Research reveals errors in payment data could undermine SEPA
Research from Experian, the global information services and analytics company, has revealed that European businesses might lose billions of Euros as a result of errors that will slow payments when the Single European Payments Area (SEPA) system comes fully into force in 2014.
The aim of SEPA is to allow individuals and companies to make cashless payments in Euros throughout the EU, the European Economic Area and Switzerland from a single payment account using a single set of payment instruments as easily, efficiently and safely as they can make them today at the national level.
Experian’s analysis of more than half a million bank account records, however, reveals that not everyone is ready for the change:
- 12% of electronic payments made by businesses in the Euro region have data errors
- Only 65% of Euro transactions are underpinned by fully accurate destination account data.
- 45% of SEPA-compliant International Bank Account Numbers stored by large European businesses do not have the valid corresponding Bank Identifier Codes required.
All of these results will slow payments in the system designed to speed things up and nullify the expected cost savings.
Jonathan Williams, Director of Payment Strategy at Experian, said of the findings, “These same error types will lead to payment failure when made through SEPA, costing businesses approximately €50 for each failed transaction and leaving a total bill of more than €20bn a year. An average error rate of around one in eight equates to a potential cost of €600,000 for an organisation transacting with 100,000 bank accounts”.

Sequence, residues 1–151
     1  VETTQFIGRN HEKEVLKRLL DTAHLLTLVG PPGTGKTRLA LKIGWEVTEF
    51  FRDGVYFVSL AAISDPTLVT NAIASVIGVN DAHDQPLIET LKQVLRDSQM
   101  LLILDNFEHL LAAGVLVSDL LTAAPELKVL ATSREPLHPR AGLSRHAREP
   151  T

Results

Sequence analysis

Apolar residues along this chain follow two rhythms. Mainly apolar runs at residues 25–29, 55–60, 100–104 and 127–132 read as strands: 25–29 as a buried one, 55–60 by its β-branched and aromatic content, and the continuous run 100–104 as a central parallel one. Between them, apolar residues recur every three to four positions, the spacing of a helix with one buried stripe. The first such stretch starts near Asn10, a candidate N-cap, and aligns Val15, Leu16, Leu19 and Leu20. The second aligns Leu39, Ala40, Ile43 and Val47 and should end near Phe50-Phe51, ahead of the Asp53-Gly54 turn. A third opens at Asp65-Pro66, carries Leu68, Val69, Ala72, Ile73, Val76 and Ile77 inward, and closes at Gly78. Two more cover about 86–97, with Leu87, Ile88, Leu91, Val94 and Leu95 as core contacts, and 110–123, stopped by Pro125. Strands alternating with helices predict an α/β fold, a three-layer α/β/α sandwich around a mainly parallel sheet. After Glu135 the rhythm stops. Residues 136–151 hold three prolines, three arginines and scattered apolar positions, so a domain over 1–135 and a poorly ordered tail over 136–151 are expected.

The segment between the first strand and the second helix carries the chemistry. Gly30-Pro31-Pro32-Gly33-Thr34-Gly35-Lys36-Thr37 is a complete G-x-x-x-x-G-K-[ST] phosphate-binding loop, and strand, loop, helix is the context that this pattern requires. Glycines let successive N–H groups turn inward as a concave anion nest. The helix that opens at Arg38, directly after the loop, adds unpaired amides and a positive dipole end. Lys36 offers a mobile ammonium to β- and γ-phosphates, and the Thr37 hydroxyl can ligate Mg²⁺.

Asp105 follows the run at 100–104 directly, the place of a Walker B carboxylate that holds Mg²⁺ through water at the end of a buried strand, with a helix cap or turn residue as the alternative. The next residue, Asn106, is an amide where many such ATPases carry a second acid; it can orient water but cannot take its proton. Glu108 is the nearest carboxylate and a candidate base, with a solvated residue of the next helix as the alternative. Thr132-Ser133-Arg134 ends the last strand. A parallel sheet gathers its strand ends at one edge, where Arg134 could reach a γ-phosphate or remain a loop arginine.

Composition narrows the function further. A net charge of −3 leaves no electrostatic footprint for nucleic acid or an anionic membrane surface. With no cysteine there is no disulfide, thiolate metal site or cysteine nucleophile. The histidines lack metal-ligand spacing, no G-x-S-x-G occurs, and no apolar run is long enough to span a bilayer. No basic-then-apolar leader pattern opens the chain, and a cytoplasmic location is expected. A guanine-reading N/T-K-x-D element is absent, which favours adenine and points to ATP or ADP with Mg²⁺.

“While SEPA will undoubtedly benefit organisations trading in Euros, errors in bank account details held by European businesses risk causing significant teething problems as locally implemented fixes – which have largely worked so far – are made redundant by the new common payments system”, he continued.
So what can be done to enable businesses to take advantage of SEPA? Williams suggested, “European businesses need to analyse their account data, fix any errors and convert this information to the correct SEPA standard, to ensure suppliers, partners and staff continue to get paid on time when the new rules come into place. Early adoption is crucial. If left to the last minute, the SEPA requirements have the potential to be both disruptive and costly”
Furthermore, although the UK does not use the euro, businesses with a presence in the Eurozone will need to change their processing systems if they want to make lower cost SEPA transactions, and UK banks will need to upgrade systems to support it.